W. G. Grace: Fat boy, make sure you quote me on this. Else, Pawar saab won’t pay me.

Rajiv Shukla: Kamaal hai yaar. Money influences a software’s reasoning too! Achcha, doctor, how about D/L method? Your take?

W. G. Grace: Send them to IIT Madras. Ask them to taste idly and vada and learn mathematics from Ms. Maya, an alumni, and wife of ACP Anbuchelvan.

Rajiv Shukla: Lagta hai, N Srinivasan ka kaam hai. Ab saala Tamil bhi bolne laga. Doctor, your final verdict on D/L method? You think it is fair?

W. G. Grace: Idly with sambaar and gatti chutney is fair. D/L method is nonsense. Tell the MCC folks to find a solution for shortened games in idly, sambaar, gatti chutney and vengaaya chutney. I’m sure the answer is somewhere there.

Rajiv Shulka: Doctor, what do you suggest I tell the press? I’m confused.

W. G. Grace: Tell them that you are on a diet in an effort to improve the image of Indian cricket. Slim down fat boy!

In his press release, Rajiv Shukla eventually said, “In my conversation with W. G. Grace, I learnt that the doctor is not convinced about technology in cricket and has urged MCC to amend cricket laws to abolish technology from the game. We are also pleased to let you know that the doctor has taken a fancy to Hindi and Tamil. He is bound to tweet in Tamil and Hindi soon.”

When contacted on the twitter feed, the doctor denied having had a conversation with Rajiv Shulka at all. The doctor tweeted:

Rajiv Shukla? No. Never heard of him. 

MCC in response to Rajiv Shukla said, “It is quite remarkable that BCCI and India should talk against technology when it is them who have created a virtual W. G. Grace. The virtual doctor, Say Grace, has denied having the conversation at all! I believe it is their technology that is malfunctioning and not ours! But we have requested Mr. Shukla to direct us to a restaurant that serves gatti chutney though!”

India appoints W. G. Grace as its batting coach

Posted: September 18, 2011 by The CouchExpert in Fiction, Gracism
Tags: ,

BCCI appoints W. G. Grace s its batting coach

In an unprecedented move, the BCCI has approached W. G. Grace to help their batsmen face quick bowling ahead of the Australian tour. BCCI has invested their funds to analyze the game from the doctor’s perspective. A team of 2000 professional social analysts have studied the life and times of W. G. Grace and have built a real time product that will tweet suggestions and observation from its twitter handle (@WGGrace2). To put matters beyond doubt, its first tweet was:

Dress properly to bat well. Learn to wear a waist belt. #battingtip #gracism 

The family historians in England have confirmed that the twitter handle indeed captures the essence of the doctor as they have known and have given their thumbs-up. It is learnt that senior Indian batsmen have been queuing up and are talking to the product the Indian board has decided to call Say Grace.

Raina was the first to test this out and he was given this advice by the doctor on how to face short bowling on fast, bouncy wickets:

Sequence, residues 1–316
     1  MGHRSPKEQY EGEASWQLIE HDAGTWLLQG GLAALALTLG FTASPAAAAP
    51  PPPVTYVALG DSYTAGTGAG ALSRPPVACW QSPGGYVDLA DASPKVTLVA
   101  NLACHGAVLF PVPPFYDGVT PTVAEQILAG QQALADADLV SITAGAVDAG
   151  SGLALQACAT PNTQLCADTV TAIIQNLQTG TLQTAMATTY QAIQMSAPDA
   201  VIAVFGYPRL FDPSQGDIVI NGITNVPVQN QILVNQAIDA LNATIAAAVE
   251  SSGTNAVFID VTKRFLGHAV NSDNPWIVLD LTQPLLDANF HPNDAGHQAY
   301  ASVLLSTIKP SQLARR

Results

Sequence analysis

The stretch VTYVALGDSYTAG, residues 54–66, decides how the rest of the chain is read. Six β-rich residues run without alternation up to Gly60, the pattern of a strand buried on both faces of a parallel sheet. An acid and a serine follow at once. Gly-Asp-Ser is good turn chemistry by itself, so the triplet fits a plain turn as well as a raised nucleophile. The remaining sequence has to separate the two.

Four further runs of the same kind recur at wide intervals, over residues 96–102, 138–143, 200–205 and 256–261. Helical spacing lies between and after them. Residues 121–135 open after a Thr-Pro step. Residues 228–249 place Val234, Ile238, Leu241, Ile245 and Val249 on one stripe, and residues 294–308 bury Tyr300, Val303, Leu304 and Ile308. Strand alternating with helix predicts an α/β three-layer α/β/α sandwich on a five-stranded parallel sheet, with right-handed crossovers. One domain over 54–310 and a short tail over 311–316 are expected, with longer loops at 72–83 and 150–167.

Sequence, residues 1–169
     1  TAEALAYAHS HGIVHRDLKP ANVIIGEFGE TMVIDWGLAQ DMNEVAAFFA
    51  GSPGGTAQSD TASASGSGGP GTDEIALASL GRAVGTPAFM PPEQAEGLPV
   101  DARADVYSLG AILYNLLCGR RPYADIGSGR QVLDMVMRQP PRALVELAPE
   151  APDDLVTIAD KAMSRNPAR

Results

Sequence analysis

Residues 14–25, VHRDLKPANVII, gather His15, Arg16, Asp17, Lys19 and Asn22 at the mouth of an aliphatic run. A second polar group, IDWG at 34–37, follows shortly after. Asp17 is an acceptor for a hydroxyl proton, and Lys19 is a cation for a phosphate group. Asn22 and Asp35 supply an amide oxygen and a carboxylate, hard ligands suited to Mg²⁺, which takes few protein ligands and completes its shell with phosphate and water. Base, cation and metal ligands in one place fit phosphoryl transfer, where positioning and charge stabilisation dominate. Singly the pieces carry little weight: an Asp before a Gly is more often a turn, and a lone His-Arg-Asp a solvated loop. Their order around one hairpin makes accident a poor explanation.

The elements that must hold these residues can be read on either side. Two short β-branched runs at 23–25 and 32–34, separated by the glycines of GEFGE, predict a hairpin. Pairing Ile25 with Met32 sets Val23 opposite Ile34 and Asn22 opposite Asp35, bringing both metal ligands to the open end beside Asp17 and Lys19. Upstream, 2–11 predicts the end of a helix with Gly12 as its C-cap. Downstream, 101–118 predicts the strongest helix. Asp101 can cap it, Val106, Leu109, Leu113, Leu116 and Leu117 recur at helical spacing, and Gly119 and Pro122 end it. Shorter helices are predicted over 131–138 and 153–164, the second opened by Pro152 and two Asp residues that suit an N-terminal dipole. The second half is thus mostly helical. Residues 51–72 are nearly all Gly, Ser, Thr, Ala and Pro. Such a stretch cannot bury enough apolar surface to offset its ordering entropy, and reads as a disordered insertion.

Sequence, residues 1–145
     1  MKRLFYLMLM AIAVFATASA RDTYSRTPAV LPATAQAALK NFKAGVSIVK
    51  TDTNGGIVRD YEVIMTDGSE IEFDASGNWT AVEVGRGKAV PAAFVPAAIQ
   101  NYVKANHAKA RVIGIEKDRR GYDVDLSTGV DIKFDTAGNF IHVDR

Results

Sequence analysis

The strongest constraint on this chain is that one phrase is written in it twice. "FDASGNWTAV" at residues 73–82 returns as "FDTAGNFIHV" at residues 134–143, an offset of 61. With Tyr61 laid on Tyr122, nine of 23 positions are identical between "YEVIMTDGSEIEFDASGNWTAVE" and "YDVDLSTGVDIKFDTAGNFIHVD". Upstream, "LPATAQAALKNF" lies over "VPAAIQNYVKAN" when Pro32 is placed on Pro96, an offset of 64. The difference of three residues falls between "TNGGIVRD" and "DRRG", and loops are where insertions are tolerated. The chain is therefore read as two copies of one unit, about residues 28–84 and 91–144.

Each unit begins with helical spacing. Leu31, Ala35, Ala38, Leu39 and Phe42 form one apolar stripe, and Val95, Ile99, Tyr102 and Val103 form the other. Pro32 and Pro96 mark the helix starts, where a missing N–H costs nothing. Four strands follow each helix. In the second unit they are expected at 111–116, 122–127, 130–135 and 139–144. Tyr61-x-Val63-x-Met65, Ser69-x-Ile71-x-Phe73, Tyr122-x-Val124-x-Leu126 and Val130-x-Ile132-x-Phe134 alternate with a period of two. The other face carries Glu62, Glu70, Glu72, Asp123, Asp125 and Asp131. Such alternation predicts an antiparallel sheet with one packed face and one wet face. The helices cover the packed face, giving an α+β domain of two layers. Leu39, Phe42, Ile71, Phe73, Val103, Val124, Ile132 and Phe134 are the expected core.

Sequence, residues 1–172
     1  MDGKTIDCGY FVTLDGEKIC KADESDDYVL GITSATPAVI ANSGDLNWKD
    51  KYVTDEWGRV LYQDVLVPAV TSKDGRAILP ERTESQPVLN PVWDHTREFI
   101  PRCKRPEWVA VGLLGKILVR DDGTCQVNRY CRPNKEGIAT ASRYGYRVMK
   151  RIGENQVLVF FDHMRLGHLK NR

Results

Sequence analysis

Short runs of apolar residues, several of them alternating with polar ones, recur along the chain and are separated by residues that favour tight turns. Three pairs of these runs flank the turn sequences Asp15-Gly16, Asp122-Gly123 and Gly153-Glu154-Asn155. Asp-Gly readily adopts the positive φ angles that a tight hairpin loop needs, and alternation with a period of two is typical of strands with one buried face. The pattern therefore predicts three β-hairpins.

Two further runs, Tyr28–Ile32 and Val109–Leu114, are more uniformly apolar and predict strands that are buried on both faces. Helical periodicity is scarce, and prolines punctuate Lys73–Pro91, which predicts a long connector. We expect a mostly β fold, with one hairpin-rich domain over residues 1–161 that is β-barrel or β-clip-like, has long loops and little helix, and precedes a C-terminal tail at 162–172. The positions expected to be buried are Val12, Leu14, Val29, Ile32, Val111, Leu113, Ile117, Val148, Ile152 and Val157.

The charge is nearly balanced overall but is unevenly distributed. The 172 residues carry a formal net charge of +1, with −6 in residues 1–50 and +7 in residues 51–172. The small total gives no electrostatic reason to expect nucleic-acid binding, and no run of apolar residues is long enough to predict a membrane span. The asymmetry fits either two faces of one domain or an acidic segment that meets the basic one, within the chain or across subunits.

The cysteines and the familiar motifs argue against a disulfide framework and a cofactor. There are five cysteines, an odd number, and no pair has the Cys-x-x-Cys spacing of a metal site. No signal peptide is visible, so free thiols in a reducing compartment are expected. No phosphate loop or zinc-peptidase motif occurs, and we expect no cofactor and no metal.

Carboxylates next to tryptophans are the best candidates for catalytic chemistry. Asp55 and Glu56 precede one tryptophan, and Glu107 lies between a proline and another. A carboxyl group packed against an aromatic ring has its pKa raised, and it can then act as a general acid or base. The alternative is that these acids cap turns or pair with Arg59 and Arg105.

You don’t have to drive on a bouncy wicket. So get drunk for you don’t have to drive. #battingtip #gracism

The doctor, who mastered all bowling that was first under-arm when he started playing to the more round-arm and now over-arm bowling is seemingly helping India land theories to counter Malinga’s round-arm bowling and Trevor Chappell’s under-arm bowling. It is learnt, among the first things he wanted as a change in the Indian outlook was indeed in their attire. He is learnt to have tweeted:

Dress properly to bat well. Learn to wear a waist belt. #battingtip #gracism

The doctor, it is learnt was having a long chat with Dravid in the art of honesty and has spent tonnes of web space and time in coaxing Dravid to build an ego. Dravid, it is learnt, will sport a larger ego than Kevin Pietersen when England return to India for the one-dayers. Dravid is expected to bat in all games in a suit celebrating his career in the one dayers and he is expected to do that when it is Kevin Pietersen’s turn to bat. He seems to have told KP, “the crowd is here to see me wave to them than to see you slog.”

The doctor, who is known to have had confidence wider than his girth, seems to have preached that he would have been better than all the current players today. Of improvisation that is the middle name of T20 cricket, he tweeted thus:

Can I play the Dilscoop? With a helmet on, I can reverse-head-butt quick bowlers for boundaries #gracism

And of Hot Spot and TV technology, he gave his standard answer:

What do I think of DRS? The giant screen in the ground is put in place to show me bat and not to contemplate whether I was out or not.

The doctor seems to have dismissed Gooch as a “sweeper good for the roads and not as a batting coach” which seems to have irked Andy Flower and Alastair Cook. The doctor also seems to have said, “Cook’s batting is so boring that it is boring the bones out of my colleagues in their coffins. He wouldn’t make the ladies team of my time.”

The doctor, who once famously blocked four successive deliveries that shot along the ground, reckoned he had a better game than the game has come to know in the 20th and 21st centuries and will provide virtual web training to India’s batsmen on facing round-arm and under-arm deliveries from his 19th century colleagues before the Australian tour. He summed up the modern day batting with this tweet:

Only modern batsmen can stoop so low. Just have a look at Morgan bat. #gracism